ted by chart review in both the Level I trauma centre the right-hemisphere stroke group (RH). Thirty-six
and rehabilitation hospital. Information abstracted subjects were recruited from the community to
included age, gender, handedness, educational level, comprise the non-patient control sample (NP). A
neuroimaging findings and duration of time since summary of demographic variables is presented by
stroke to administration of initial MAST. group in Table I. Educational level was unknown
for 12% of the participants and handedness was
unknown for 3% of the participants. ANOVAs
Statistical analyses
revealed significant between-group differences both
Descriptive statistics were generated by group for the for age, F(2, 90) ¼ 8.67, p < 0.0005 and educational
demographic variables of age, educational level, level, F(2, 79) ¼ 4.28, p ¼ 0.017. Post-hoc pairwise
handedness and gender as well as for the nine comparisons utilizing a liberal level of significance for
sub-scales and three summary scores of the MAST. interpretation (Bonferroni level of significance is
Time since stroke, which was the duration of time in 0.017 for three groups) indicated the NP group to be
days between the patient’s stroke and administration significantly younger than either the LH group
of the MAST was also calculated for the patient ( p < 0.0005) or the RH group ( p ¼ 0.025). The NP
groups. Analyses of variance (ANOVAs), indepen- group had significantly more years of education than
dent t-tests or chi-square analyses, as appropriate, the RH group ( p ¼ 0.032). No significant difference
were conducted to assess for between-group was found to exist between groups with respect to
differences across demographic variables. Pearson’s gender, 2(2, n ¼ 93) ¼ 3.10, p > 0.05, or handed-
product moment correlation coefficients were com- ness, 2(2, n ¼ 90) ¼ 0.94, p > 0.05. Additionally, the
puted to examine the degree of association between patient groups were not found to differ in duration of
demographic variables and MAST scores in the time between the stroke and administration of the
control group. In order to protect against inflation MAST, t(55) ¼ 0.69, p > 0.05.
of Type I error, multi-variate analysis of covariance Results of correlational analyses between MAST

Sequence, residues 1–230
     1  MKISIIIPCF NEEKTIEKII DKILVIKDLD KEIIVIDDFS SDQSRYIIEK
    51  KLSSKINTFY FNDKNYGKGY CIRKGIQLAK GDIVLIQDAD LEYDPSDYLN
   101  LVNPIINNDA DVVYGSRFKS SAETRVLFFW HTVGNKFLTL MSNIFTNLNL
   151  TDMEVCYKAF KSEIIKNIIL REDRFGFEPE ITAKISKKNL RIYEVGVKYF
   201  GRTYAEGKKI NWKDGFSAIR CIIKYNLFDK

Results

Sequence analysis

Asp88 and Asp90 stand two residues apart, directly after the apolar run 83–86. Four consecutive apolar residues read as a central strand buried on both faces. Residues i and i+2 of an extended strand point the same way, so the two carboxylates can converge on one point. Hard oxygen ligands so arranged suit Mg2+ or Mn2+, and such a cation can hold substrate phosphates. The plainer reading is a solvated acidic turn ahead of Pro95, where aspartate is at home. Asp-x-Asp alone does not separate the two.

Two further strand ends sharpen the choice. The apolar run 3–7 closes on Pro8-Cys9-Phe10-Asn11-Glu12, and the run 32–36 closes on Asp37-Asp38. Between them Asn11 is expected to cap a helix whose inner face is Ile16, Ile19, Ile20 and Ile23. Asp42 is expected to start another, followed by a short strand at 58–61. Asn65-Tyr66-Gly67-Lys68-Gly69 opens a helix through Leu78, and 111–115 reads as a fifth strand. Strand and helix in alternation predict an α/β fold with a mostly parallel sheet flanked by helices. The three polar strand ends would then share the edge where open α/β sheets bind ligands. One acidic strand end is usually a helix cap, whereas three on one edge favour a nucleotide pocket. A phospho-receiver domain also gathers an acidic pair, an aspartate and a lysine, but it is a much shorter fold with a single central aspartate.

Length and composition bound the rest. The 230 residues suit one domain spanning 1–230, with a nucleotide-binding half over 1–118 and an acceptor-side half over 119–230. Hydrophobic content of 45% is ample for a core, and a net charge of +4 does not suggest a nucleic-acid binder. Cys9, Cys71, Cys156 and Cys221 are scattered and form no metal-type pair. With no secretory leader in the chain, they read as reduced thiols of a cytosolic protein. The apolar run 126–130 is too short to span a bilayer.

(MANCOVA) was utilized to assess for between- performance and demographic variables in the
group differences across the 12 measures of the NP group are presented in Table II; p-values are
MAST, controlling for differences between groups reported for descriptive purposes only and are not
with respect to demographic variables that were found corrected for multiple comparisons. Correlations
to be significantly associated with test performance. were defined as significant for purposes of covar-
Significant between-group effects on the MAST were iance, however, only when p-values were <0.01.
examined using Bonferroni post-hoc analyses. Three Age, education and handedness were significantly
independent discriminant function analyses were also associated with scores on the Expressive Index
computed to determine classification rates by group and Total Score. Age and handedness were also

Table I. Demographic characteristics of sample by group.

Patient groups

Non-patient group LH RH p

Age, M (SD) 46.6 (19.2) 61.7 (12.7) 58.7 (15.7) <0.0005

Education, M (SD) 13.8 (2.1) 12.2 (3.6) 11.6 (2.3) 0.017
Duration, M (SD) — 22.2 (15.6) 19.3 (14.8) >0.50
Gender >0.05
Male 36% 49% 60%
Female 64% 51% 40%
Handedness >0.05
Left 11% 5% 5%
Right 89% 87% 95%
Unknown 0% 8% 0%

Note: Age and education are measured in years, duration in time is characterized in days from stroke to MAST
assessment, LH ¼ Left Hemisphere Stroke, RH ¼ Right Hemisphere Stroke.
688 R. Nakase-Thompson et al.

Table II. Correlations between demographic variables and MAST scores in non-patient group.

MAST scale Age Education Gender Handedness

Naming — — — —
Automatic speech 0.07 0.14 0.13 0.06
Repetition — — — —
Yes–no 0.25 0.15 0.32 0.09
Writing to dictation 0.21 0.23 0.13 0.06
Object recognition — — — —
Following verbal instructions 0.15 0.01 0.15 0.08
Following written instructions 0.12 0.21 0.07 0.09
Verbal fluency 0.36* 0.28 0.03 0.37*
Expressive index 0.39* 0.33* 0.08 0.37*
Receptive index 0.16 0.03 0.33* 0.15
Total score 0.44y 0.34* 0.01 0.41*

Note: MAST ¼ Mississippi Aphasia Screening Test.

*p < 0.05, y p < 0.01, Missing numbers indicate no variance among items correlated.

Table III. MAST performance by group.

Patient groups

MAST scale Non-patient group LH RH F ( p)* 2

Naming 10.0 (0) 4.3 (4.2) 7.6 (3.2) 25.0 (<0.0005)abc 0.36